With six weeks to go until SfE BES kicks off in Edinburgh we’re launching the conference blog with an interview with Dr Robert Semple, this year’s winner of the Starling Medal which recognises UK Research Excellence. Read on to find out about Dr Semple’s career so far and his top tips for upcoming endocrinologists.
First off, what’s your current position? I’m a Reader in Metabolism and Endocrinology, Honorary Consultant Endocrinologist at the University of Cambridge.
Tell us a little about your career so far and how you ended up in your current position: I read Natural Sciences and then medicine at the University of Cambridge. In fact, apart from 2 years spent in clinical training posts in London my whole career has been spent in Cambridge, which has provided a very fertile and exciting environment in which to combine research into the mechanisms of insulin action with clinical practice in endocrinology and acute medicine. I am now a reader in metabolism and endocrinology and an honorary consultant endocrinologist, personally funded through a Wellcome Trust Senior Research Fellowship.
What inspired you to work in endocrinology? I caught the bug in two stages, first becoming fascinated by the signalling mechanisms used by insulin to influence cell metabolism, which were being worked out while I was an undergraduate biochemist, and second being drawn to the challenge of understanding the true cause of the very generally defined but globally devastating type 2 diabetes. Making a bridge between very basic cell biology and real people in clinic with disability and disease has never lost its appeal.
What do you most enjoy about job? The satisfaction I feel at solving a puzzle by making a diagnosis has never diminished, and if the disorder is rare even previously undescribed, or the presentation is atypical, that satisfaction is strongest. A different but complementary reward comes from using good communication with individual patients to achieve therapeutic results, which is often particularly important in engaging with and helping to motivate patients with type 2 diabetes. Making a new discovery of the basis of a disease, and then communicating this effectively to the patient so that they feel satisfaction at having contributed to the discovery, as well benefiting clinically from the new insight gained, is the apotheosis of my job.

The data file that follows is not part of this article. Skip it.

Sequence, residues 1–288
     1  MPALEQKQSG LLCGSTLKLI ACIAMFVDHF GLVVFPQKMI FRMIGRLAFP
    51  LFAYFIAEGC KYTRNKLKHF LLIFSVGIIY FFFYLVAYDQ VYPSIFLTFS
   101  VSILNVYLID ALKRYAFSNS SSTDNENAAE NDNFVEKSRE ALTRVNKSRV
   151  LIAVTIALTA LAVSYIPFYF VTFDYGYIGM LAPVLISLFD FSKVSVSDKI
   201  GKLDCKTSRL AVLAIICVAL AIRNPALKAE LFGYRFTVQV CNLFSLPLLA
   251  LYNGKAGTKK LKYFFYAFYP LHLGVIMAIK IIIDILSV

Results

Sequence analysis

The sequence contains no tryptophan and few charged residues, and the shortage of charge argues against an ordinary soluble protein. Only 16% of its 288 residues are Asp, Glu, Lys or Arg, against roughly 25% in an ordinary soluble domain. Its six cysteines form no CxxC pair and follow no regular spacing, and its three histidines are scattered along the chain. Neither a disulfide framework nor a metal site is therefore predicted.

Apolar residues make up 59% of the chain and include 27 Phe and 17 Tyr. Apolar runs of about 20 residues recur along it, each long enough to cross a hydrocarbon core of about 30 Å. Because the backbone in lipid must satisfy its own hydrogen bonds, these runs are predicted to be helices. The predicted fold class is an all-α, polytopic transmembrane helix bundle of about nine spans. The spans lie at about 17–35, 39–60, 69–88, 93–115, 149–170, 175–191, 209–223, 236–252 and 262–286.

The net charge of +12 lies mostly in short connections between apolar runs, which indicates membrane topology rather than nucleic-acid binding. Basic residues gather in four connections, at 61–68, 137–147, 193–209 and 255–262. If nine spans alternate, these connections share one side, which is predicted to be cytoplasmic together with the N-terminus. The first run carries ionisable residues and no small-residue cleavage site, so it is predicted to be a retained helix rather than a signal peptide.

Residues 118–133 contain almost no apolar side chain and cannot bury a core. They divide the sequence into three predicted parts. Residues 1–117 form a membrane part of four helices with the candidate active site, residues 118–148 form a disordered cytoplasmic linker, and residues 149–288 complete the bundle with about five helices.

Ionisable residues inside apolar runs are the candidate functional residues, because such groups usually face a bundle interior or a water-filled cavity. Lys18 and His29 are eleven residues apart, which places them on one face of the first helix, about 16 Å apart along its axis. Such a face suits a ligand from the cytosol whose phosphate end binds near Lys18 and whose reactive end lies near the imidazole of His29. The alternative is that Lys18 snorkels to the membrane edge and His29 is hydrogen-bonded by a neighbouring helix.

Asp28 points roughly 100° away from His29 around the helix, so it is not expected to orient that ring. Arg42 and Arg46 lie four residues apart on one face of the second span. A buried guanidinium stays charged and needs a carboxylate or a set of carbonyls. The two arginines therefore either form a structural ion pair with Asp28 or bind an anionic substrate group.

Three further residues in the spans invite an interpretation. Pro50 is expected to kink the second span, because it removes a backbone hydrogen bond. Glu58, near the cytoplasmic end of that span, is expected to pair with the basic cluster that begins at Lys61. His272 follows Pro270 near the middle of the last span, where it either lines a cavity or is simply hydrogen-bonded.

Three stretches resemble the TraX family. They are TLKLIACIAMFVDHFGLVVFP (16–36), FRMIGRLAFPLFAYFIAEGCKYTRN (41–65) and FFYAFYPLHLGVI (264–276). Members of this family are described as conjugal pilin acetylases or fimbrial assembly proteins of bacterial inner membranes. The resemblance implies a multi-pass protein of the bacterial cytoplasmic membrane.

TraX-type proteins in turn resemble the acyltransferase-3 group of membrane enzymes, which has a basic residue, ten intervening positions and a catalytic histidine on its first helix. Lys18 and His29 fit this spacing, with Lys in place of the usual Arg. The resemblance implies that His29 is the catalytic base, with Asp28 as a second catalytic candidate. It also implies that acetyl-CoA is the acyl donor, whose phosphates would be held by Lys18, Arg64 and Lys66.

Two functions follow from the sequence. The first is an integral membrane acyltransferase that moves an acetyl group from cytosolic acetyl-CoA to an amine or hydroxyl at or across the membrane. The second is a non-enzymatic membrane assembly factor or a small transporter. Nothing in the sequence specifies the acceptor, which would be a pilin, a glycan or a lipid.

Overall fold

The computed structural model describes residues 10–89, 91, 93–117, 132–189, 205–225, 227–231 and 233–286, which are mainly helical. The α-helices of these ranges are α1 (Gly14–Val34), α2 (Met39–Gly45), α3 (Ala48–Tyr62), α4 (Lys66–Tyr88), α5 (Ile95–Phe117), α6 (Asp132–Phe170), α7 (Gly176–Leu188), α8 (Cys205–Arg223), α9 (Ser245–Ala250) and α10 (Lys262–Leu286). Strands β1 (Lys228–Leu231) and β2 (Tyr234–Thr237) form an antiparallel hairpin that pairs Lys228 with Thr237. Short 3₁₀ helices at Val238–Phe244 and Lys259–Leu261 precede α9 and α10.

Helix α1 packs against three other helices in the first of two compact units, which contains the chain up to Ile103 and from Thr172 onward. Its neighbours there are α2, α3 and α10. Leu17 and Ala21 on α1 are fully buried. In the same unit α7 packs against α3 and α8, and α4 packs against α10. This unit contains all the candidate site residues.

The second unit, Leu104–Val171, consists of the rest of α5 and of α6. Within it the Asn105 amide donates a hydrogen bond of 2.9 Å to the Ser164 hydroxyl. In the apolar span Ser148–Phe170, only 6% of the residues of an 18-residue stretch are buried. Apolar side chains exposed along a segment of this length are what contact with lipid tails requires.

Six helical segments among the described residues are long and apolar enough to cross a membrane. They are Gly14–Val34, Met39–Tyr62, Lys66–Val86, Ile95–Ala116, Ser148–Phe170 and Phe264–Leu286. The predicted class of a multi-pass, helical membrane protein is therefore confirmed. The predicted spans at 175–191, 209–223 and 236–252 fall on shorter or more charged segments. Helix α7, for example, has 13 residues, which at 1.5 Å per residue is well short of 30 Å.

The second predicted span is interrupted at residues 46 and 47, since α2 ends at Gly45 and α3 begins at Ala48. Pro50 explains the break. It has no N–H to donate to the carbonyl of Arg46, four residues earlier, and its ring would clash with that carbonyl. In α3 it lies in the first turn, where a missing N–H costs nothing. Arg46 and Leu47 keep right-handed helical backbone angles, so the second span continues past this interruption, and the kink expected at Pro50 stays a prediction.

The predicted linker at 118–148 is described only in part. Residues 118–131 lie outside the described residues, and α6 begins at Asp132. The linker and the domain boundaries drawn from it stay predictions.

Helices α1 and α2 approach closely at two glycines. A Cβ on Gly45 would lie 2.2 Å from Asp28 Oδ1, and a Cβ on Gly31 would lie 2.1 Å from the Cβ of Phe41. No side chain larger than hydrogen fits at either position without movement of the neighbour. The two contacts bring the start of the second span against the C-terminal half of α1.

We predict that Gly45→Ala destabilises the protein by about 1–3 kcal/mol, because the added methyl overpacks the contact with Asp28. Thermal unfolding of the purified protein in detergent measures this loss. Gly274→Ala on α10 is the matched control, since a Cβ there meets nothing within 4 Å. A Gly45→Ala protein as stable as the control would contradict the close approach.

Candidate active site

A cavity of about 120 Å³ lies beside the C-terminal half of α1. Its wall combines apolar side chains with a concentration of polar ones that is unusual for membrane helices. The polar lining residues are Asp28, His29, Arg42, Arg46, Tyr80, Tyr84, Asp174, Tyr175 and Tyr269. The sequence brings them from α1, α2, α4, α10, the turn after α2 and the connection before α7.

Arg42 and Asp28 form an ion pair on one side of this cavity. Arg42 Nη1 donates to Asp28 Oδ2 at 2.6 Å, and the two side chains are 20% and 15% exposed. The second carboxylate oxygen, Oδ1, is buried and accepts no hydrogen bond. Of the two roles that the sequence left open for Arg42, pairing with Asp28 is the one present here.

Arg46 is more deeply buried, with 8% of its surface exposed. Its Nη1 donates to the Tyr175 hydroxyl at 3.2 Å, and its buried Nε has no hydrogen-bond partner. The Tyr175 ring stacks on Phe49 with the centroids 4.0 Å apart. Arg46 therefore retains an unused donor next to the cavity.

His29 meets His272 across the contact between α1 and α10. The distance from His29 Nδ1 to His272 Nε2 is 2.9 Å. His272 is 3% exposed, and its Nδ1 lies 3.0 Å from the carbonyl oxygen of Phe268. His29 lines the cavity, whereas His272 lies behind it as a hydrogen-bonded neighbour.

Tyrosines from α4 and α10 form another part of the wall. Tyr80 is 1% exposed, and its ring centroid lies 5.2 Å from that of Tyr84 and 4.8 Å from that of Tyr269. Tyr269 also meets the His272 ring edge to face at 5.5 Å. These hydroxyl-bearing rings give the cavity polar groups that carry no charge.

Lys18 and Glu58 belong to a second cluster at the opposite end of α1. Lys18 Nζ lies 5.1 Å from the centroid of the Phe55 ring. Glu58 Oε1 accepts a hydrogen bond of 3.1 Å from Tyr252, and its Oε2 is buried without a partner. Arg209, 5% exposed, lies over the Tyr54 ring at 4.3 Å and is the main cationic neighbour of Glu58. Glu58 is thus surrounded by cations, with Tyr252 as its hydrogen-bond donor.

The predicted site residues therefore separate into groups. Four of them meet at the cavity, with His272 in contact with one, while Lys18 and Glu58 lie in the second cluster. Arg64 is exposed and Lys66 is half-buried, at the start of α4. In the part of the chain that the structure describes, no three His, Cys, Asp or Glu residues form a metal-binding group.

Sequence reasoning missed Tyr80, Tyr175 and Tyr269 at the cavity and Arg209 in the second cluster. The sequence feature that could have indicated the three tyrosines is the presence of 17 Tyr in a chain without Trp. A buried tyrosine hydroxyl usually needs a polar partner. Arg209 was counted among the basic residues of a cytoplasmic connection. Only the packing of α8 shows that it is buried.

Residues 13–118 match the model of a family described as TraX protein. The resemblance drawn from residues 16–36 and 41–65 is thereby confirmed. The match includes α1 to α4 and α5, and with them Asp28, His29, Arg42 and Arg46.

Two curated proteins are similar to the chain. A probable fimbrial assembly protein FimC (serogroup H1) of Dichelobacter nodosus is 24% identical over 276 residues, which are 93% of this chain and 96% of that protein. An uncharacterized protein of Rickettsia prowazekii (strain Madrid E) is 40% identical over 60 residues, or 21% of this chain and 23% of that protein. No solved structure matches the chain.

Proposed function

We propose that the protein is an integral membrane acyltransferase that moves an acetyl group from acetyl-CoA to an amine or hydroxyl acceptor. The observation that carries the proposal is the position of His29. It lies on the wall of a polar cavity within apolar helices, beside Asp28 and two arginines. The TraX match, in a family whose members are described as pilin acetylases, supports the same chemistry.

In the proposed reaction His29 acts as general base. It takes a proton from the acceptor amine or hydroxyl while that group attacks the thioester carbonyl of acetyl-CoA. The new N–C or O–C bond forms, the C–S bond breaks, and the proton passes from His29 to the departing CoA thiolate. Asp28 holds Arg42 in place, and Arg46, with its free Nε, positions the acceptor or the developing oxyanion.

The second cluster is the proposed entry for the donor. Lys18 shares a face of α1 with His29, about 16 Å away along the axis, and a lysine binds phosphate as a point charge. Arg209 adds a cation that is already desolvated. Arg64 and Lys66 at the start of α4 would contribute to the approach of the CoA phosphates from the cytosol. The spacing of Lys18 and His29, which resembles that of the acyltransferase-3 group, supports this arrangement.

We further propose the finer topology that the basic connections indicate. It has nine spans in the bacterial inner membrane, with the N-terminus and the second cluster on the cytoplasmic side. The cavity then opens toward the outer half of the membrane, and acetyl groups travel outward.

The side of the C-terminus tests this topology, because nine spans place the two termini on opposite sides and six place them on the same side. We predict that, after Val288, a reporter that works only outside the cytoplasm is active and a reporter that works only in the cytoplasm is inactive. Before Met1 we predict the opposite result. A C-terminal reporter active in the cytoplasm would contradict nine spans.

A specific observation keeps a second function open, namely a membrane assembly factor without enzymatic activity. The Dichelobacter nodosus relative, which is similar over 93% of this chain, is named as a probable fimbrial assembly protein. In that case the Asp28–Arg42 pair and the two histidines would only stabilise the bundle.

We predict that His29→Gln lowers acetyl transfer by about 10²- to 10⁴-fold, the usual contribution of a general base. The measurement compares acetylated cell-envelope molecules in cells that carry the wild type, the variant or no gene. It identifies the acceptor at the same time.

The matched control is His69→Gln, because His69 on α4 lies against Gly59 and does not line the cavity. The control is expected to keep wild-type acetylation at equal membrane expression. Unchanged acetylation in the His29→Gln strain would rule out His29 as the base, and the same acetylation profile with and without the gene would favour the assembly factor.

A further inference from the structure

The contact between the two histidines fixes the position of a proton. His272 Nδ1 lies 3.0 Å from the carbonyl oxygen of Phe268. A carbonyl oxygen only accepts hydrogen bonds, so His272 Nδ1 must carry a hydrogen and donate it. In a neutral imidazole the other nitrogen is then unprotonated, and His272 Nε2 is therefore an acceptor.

What is your career highlight so far? I tend not to dwell on that. Many of the pieces of work in uncovering new genetic forms of disease which I have led have been the result simply of persistence, and of keen clinical observation, but also of much good fortune in having exciting genetic technologies to hand to apply to the problems. The evolving highlight of my work for me is that some of these findings, especially in the area of genetic activation or inactivation of insulin signalling, are beginning to yield novel insights into human biology on one hand, and on the other are beginning to change the experience of healthcare of affected patients.
What do you see as the biggest challenge in endocrinology right now?
- Finding the right way to attract and retain the best and most dynamic trainees into the speciality,
- Leading and shaping the medical and wider societal response to the juggernaut of obesity-related metabolic disease that is already upon us.
What do you think will be the biggest development in endocrinology in the next 10 years? Life would be boring if I knew that. I hope that the way obesity-related metabolic disease is managed will have improved radically both in terms of the way services are configured, but also through continued therapeutic exploitation of endocrine hormones linking gut, brain and fat, possibly using therapies combining more than one hormonal action in one drug.
What are you most looking forward to at BES this year? As a clinician scientist I feel particularly spoilt for choice. The “speed dating” of the “How Do I” Sessions is really good value in refreshing my knowledge across a range of clinical problems, while I also look forward very much to hearing about endocrine aspects of low body fat states, and about the current state of play of investigation of FGFs in diverse, major endocrine disease.
Any words of wisdom for aspiring endocrinologist out there? Serve a good apprenticeship learning the traditional arts of the doctor, but do not let the conformity and prudence required of the clinician blunt the scepticism and curiosity of your inner scientist: observe keenly, do not ignore findings that challenge received wisdom, and attack dogma where you find it.